Research Article | Open Access
Mahvish Muzaffar, Helen M. Johnson, Nasreen A. Vohra, Darla Liles, Jan H. Wong, "The Impact of Locoregional Therapy in Nonmetastatic Inflammatory Breast Cancer: A Population-Based Study", International Journal of Breast Cancer, vol. 2018, Article ID 6438635, 6 pages, 2018. https://doi.org/10.1155/2018/6438635
The Impact of Locoregional Therapy in Nonmetastatic Inflammatory Breast Cancer: A Population-Based Study
Background. Inflammatory breast cancer (IBC) is a rare but most aggressive breast cancer subtype. The impact of locoregional therapy on survival in IBC is controversial. Methods. Patients with nonmetastatic IBC between 1988 and 2013 were identified in the Surveillance, Epidemiology, and End Results (SEER) registry. Results. We identified 7,304 female patients with nonmetastatic inflammatory breast cancer (IBC) who underwent primary tumor surgery. Most patients underwent total mastectomy with only 409 (5.6%) undergoing a partial mastectomy. In addition, 4,559 (62.4%) were also treated with radiation therapy. The patients who underwent mastectomy had better survival compared to partial mastectomy (49% versus 43%, = 0.003). The addition of radiation therapy was also associated with improved 5-year survival (55% versus 40%, < 0.001). Multivariate analysis showed that black race HR (1.22, 95% CI 1.18–1.35), ER negative status (HR 1.22, 95% CI 1.16–1.28), and higher grade (HR 1.14, 95% CI 1.07–1.20) were associated with poor outcome. Cox proportional hazards model showed that total mastectomy (HR 0.75, 95% CI 0.65–0.85) and radiation (HR 0.64, 95% CI 0.61–0.69) were associated with improved survival. Conclusions. Optimal locoregional therapy for women with nonmetastatic IBC continues to be mastectomy and radiation therapy. These data reinforce the prevailing treatment algorithm for nonmetastatic IBC.
Inflammatory Breast Cancer (IBC) is an uncommon, aggressive breast cancer subtype that accounts for approximately 2% of breast cancers diagnosed annually in the United States . IBC is defined by specific clinicopathologic features including edema (peau d’orange) and erythema of more than one-third of the skin and often has microscopic evidence of dermal lymphatic tumor emboli . IBC is associated with a locoregional recurrence rate of 19.5%  and extremely poor long-term outcomes with a median survival of 2.9–3.8 years [4, 5].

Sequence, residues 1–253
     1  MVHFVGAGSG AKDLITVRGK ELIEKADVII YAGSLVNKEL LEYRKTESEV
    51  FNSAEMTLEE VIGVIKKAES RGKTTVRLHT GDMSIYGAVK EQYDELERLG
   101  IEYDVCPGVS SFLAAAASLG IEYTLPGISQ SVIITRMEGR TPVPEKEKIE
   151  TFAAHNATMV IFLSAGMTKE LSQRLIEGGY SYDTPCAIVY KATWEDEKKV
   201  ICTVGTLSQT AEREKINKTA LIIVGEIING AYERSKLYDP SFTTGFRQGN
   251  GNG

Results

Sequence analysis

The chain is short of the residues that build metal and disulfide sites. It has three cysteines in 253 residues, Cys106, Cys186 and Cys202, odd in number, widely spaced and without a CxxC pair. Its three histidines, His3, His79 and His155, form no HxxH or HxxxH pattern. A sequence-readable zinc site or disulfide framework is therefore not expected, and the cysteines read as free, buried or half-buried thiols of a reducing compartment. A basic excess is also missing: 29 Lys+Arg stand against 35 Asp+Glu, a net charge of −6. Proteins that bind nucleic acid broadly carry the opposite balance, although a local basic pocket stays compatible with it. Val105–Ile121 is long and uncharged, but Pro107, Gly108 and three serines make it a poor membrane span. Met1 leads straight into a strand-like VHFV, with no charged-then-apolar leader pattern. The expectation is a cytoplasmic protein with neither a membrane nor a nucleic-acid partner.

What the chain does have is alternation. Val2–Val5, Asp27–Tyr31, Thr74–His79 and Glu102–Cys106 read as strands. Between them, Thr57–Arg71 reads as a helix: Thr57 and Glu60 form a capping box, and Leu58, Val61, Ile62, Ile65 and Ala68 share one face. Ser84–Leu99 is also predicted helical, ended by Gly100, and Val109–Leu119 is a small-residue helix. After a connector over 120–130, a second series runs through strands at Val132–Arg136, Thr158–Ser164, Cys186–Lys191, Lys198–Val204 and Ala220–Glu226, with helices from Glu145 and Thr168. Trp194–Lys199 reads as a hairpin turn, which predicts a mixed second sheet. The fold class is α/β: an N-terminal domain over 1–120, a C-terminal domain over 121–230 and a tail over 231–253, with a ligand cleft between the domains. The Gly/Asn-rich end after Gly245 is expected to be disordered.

Historically, treatment of IBC with surgery and/or radiotherapy alone resulted in five-year survival rates of less than 5% . The use of preoperative chemotherapy has been associated with significant improvements in overall survival. Current treatment guidelines for IBC [7, 8] recommend sequential trimodality therapy consisting of preoperative anthracycline-based polychemotherapy (including targeted therapy depending on HER2 receptor status) followed by total mastectomy with a level I/II axillary node dissection and postmastectomy radiation. Hormonal therapy is prescribed as indicated by the status of the estrogen and progesterone receptors .
Locoregional therapy has historically been considered important for the control of symptomatic chest wall disease and/or the prevention of locoregional recurrence. Whether the addition of locoregional therapy to anthracycline-based chemotherapy impacts survival in IBC remains controversial, especially the extent of surgery . Several authors [11, 12] have reported similar survival rates in small cohort studies with patients who underwent breast conserving surgery when compared to patients who underwent total mastectomy after preoperative systemic therapy and have questioned whether IBC is an absolute contraindication to breast conservation therapy. However, these reports are from single institutions and have a small sample size. The purpose of this study is to examine the impact of locoregional therapy, particularly the extent of surgical therapy, on survival in a large population cohort of women with nonmetastatic IBC.
2. Materials and Methods
2.1. Patient Population
We obtained data from National Cancer Institute’s Surveillance, Epidemiology, and End Results (SEER) registries. SEER currently collects and publishes cancer incidence and survival data from population-based cancer registries that cover approximately 28 percent of the US population. A query of the SEER registry using Stat 8.1.2 was performed to identify patients with nonmetastatic IBC diagnosed between the years January 1988 and December 2013. The search was restricted to females with Adjusted AJCC 6 Stage III (T4d, N0–3, M0) IBC. IBC was also defined according to the AJCC sixth edition and was categorized and coded within the SEER registry database as T4d disease. According to the AJCC sixth edition, IBC is defined as being characterized by diffuse erythema and edema (peau d’orange) of the breast, frequently without an underlying palpable mass. We collected demographic data (age at diagnosis, race) and tumor characteristics (stage, histologic subtype, estrogen (ER) and progesterone (PR) receptor expression status, and HER2 overexpression status). For selection of cases, see Figure 1.